Why’d she do it? That’s what we always ask when a powerful White House aide like Karen Hughes suddenly resigns.
Longtime Washington observers are as cynical as the Austrian statesman Metternich who, when informed that the French ambassador had died, said, “I wonder what he meant by that.” Nothing, you see, would be done without calculation.
So, why is Karen Hughes leaving the White House after just 18 months? Did she lose a power struggle with Karl Rove? Is she fleeing an indictment? Did President Bush get tired of being told what to say?
After all, Karen Hughes is the most powerful woman ever to serve in the White House (with the exception of some First Ladies). Indeed, she may be the most powerful woman in the history of American politics.
Hughes was one of three top aides to George W. Bush in the Texas governor’s mansion. Along with Karl Rove, she has shaped Bush’s agenda, political strategy, and communications. She wrote his autobiography. During the campaign she hired two experienced Washington press secretaries, and fired one. Observers say that when Bush speaks in public, her lips move along with his. She is the most powerful shaper of the words and message of a president of the United States.
So why has this powerful woman had received so little media attention? Hughes has not been the subject of magazine covers, Washington Post profiles, and the like. Women who rose almost as far — like Susan Estrich in the Dukakis campaign, Dee Dee Myers in the Clinton White House, and Donna Brazile in the Gore campaign — got much more “first woman” attention. Why?
The Hughes appointment doesn’t fit the story line. Conservative Texas Republicans don’t make breakthroughs for women and minorities. So the fact that George W. Bush has two African Americans running his foreign policy, and a woman as one of his two most powerful aides, produced no flurry of “breakthrough” stories. Successful women and blacks are expected to be outspoken liberals. When they’re Texas conservatives or moderate Republicans with a military background, the identity groups don’t celebrate them.
There may also be something deeper going on. There’s a tendency to celebrate appointments that appear motivated primarily by the race or gender of the appointee. It’s as if the appointee’s actual lack of qualifications becomes his claim to celebration. When Bill Clinton named three women in a row as his attorney general, it became obvious that he wasn’t offering Janet Reno as the best‐qualified lawyer in the country but simply as the best available woman lawyer. But no one thinks Karen Hughes got her job as a political gesture; she got it because George W. Bush trusts her judgment.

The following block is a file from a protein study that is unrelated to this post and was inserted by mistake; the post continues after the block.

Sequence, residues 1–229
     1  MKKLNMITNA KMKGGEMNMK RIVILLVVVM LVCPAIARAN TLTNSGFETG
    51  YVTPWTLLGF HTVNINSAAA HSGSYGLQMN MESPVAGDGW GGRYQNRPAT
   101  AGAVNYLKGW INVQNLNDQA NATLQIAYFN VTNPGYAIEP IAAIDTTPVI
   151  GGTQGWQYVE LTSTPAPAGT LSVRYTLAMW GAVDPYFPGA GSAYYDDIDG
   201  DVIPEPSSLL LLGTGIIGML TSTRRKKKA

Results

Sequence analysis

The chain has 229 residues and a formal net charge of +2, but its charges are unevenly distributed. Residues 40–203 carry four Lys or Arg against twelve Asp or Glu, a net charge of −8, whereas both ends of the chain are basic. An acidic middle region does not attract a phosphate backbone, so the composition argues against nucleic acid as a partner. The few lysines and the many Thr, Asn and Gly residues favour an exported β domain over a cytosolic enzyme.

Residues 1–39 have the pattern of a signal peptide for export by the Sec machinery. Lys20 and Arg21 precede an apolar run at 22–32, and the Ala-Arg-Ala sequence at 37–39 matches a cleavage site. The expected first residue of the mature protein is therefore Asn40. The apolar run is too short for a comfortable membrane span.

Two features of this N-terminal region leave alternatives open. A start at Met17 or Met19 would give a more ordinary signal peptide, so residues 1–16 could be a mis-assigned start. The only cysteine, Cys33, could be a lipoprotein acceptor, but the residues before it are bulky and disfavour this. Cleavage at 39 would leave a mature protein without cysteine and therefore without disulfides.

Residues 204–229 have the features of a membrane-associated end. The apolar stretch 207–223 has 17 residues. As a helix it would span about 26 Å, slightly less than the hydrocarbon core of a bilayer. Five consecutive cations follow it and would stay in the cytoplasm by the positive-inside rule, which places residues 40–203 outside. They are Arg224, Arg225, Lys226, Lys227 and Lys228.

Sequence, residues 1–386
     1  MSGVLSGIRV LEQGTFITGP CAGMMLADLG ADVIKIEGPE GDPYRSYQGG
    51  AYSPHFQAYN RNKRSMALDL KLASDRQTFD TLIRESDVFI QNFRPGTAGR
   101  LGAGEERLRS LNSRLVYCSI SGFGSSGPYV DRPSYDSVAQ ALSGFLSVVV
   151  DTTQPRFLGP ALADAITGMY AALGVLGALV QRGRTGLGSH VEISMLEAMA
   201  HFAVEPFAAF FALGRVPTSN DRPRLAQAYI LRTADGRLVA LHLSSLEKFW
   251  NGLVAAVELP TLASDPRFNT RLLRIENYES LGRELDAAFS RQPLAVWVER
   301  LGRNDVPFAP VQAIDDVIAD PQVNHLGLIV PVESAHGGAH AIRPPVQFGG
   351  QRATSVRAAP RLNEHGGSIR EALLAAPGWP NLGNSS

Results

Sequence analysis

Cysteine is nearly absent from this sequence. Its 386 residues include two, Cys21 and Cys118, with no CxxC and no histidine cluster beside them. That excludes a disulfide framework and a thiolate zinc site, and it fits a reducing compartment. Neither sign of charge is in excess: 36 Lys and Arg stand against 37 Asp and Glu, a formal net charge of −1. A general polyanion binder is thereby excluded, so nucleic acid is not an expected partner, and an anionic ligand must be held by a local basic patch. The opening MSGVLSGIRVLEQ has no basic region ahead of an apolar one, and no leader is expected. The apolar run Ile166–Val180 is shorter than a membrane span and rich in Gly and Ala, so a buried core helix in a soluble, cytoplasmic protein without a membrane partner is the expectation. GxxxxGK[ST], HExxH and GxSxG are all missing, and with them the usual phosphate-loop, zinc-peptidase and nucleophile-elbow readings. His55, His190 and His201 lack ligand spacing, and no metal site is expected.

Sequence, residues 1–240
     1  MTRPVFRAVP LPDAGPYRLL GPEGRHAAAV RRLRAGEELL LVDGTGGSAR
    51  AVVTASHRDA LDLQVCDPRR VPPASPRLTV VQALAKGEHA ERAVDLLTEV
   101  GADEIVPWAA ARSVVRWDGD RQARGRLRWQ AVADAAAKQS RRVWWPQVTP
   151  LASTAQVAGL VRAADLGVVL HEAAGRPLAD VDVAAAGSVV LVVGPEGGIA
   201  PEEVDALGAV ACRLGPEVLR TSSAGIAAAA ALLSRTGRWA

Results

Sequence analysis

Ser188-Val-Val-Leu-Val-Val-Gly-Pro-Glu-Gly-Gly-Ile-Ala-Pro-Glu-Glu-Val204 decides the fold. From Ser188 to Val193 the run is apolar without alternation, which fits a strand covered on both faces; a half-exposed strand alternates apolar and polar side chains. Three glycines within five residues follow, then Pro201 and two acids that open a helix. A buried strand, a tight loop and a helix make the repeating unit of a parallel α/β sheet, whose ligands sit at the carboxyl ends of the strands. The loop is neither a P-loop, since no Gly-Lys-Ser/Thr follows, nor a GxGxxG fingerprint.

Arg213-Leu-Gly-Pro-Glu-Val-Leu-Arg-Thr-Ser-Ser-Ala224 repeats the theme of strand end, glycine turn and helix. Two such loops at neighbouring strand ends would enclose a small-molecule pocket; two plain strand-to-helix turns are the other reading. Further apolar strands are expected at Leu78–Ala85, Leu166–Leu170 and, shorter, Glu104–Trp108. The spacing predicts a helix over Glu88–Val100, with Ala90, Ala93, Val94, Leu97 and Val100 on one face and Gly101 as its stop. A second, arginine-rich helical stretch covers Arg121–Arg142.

Now Hughes is getting the front‐page attention she has always deserved because her departure is recognized as big news for White House watchers. So, again, why’d she do it? Is it that she wants to spend more time with her family? We don’t believe that line when it comes from men who leave powerful positions.
But maybe the point is that men and women are different. Women are much more likely to give up power and status in the interests of their family. And that’s a fact that some people can’t accept.
A few years ago, in a speech to a politically correct, feminist board of directors, I said that capitalism — with its emphasis on individualism, property rights, and market competition — tends to liberate women. They gasped. Why, then, they asked, are there so few women running Fortune 500 companies? I mentioned a couple of reasons. First, most CEO’s are in their 50s, and 30 years ago there were few women in business school; as women move up through the ranks of corporations, we’ll see more women CEO’s. But we’ll never see 250 women among the Fortune 500 CEO’s, I said, “because men have testosterone and women have babies.” At that they began fanning themselves feverishly. A former governor almost turned her chair over backwards, like John Belushi on “Saturday Night Live.”
Maybe I shouldn’t have been so blunt. And of course no one should think that testosterone is better than babies; men are different from women, not better. But I think the resignation of Karen Hughes confirms my point: We can’t imagine powerful White House aides walking away from their positions except to take high‐paid lobbying positions or to run for office. But that’s because powerful White House aides have always been men. Karen Hughes has broken through the glass ceiling and found that the top wasn’t all it’s cracked up to be.
Why’d she do it? For her family. Seriously.